Rogers wins the Stirling Prize

Victory for the modernist architect and foe of Prince Charles

A cancer centre in London designed by Richard Rogers has been awarded the 2009 Stirling Prize for architecture. The award is handed out annually by the Royal Institute of British Architects, and it is the second time Rogers has won. The award will inevitably be interpreted as a riposte by Riba to Prince Charles, who notoriously blocked the Rogers-headed redevelopment of Chelsea Barracks in London earlier this year.

This announcement coincides with the news that a planning application for a £5.5bn scheme to redevelop the defunct Battersea Power Station has been unveiled. Under the plan, 3,700 homes would be built, interspersed with offices, shops and restaurants, on the 40-acre site just south of the Thames.

If ever there was a prize for the most neglected building in London, Battersea Power Station (derelict since 1983) would surely be a 5.5 billion-to-one favourite.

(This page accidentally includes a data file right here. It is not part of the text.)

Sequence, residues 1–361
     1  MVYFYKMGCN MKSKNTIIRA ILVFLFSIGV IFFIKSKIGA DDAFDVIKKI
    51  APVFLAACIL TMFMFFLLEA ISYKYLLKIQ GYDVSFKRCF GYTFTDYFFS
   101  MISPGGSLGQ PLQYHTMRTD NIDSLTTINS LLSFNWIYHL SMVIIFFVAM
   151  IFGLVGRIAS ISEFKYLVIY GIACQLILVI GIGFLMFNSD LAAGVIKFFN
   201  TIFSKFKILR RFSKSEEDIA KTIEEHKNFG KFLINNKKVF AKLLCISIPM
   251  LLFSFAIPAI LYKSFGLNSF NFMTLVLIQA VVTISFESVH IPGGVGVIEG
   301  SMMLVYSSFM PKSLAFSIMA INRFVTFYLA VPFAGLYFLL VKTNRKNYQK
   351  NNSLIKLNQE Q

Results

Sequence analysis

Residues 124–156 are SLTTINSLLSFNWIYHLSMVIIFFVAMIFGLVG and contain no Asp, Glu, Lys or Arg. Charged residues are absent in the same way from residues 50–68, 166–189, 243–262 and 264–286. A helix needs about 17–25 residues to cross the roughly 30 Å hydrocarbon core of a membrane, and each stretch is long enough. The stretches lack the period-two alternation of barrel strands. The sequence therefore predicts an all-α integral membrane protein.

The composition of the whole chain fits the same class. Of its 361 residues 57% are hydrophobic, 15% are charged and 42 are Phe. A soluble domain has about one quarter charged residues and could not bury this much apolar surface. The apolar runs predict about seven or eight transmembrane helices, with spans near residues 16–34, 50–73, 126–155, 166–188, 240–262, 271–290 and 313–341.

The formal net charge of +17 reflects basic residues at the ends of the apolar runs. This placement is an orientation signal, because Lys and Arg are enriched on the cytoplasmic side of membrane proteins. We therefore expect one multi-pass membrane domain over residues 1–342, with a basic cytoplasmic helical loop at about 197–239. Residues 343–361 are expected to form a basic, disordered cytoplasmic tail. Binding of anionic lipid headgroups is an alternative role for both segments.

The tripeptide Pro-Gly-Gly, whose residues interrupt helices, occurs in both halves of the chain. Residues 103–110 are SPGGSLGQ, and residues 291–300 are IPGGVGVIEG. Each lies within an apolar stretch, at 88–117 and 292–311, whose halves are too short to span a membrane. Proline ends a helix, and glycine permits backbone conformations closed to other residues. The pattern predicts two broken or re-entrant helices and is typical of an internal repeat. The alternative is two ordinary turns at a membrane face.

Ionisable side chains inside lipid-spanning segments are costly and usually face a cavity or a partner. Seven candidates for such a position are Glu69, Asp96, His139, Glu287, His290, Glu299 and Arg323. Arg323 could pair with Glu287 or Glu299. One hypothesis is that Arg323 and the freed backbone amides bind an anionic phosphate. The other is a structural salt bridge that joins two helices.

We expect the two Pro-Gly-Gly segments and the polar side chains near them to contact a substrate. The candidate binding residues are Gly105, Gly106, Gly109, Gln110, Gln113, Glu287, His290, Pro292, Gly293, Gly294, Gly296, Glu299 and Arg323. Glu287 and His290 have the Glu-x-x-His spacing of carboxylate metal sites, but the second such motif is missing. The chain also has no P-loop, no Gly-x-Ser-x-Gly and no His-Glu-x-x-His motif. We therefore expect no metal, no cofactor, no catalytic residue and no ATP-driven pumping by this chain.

Owen Hatherley will discuss the Stirling Prize and what its legacy means to Britain in a forthcoming issue of the New Statesman.

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“Minoan pendant”: a new poem by Mark Granier

“Yes – I press my nose / to the pleasantly warm glass – / it’s a copy of one I saw / cased in the cool museum”

Yes – I press my nose
to the pleasantly warm glass –
it’s a copy of one I saw
cased in the cool museum –
gold beaten to honey, a grainy
oval dollop, flanked by two
slim symmetrical bees –

garland for a civilisation’s
rise and collapse, eye-dropped
five thousand years: a flash
of evening sun on a windscreen
or wing mirror – Heraklion’s
scooter-life buzzing and humming –

as I step in to browse, become
mesmerised by the warm
dark eyes of the woman
who gives her spiel and moves
softly and with such grace,
that, after leaving, I hesitate

a moment on the pavement
then re-enter with a question
I know not to ask, but ask
anyway, to hear her voice
soften even more as she smiles
and shakes her hair – no.

Mark Granier is an Irish poet and photographer. He is the author of four collections of poetry, most recently Haunt (Salmon).

This article first appeared in the 16 June 2016 issue of the New Statesman, Britain on the brink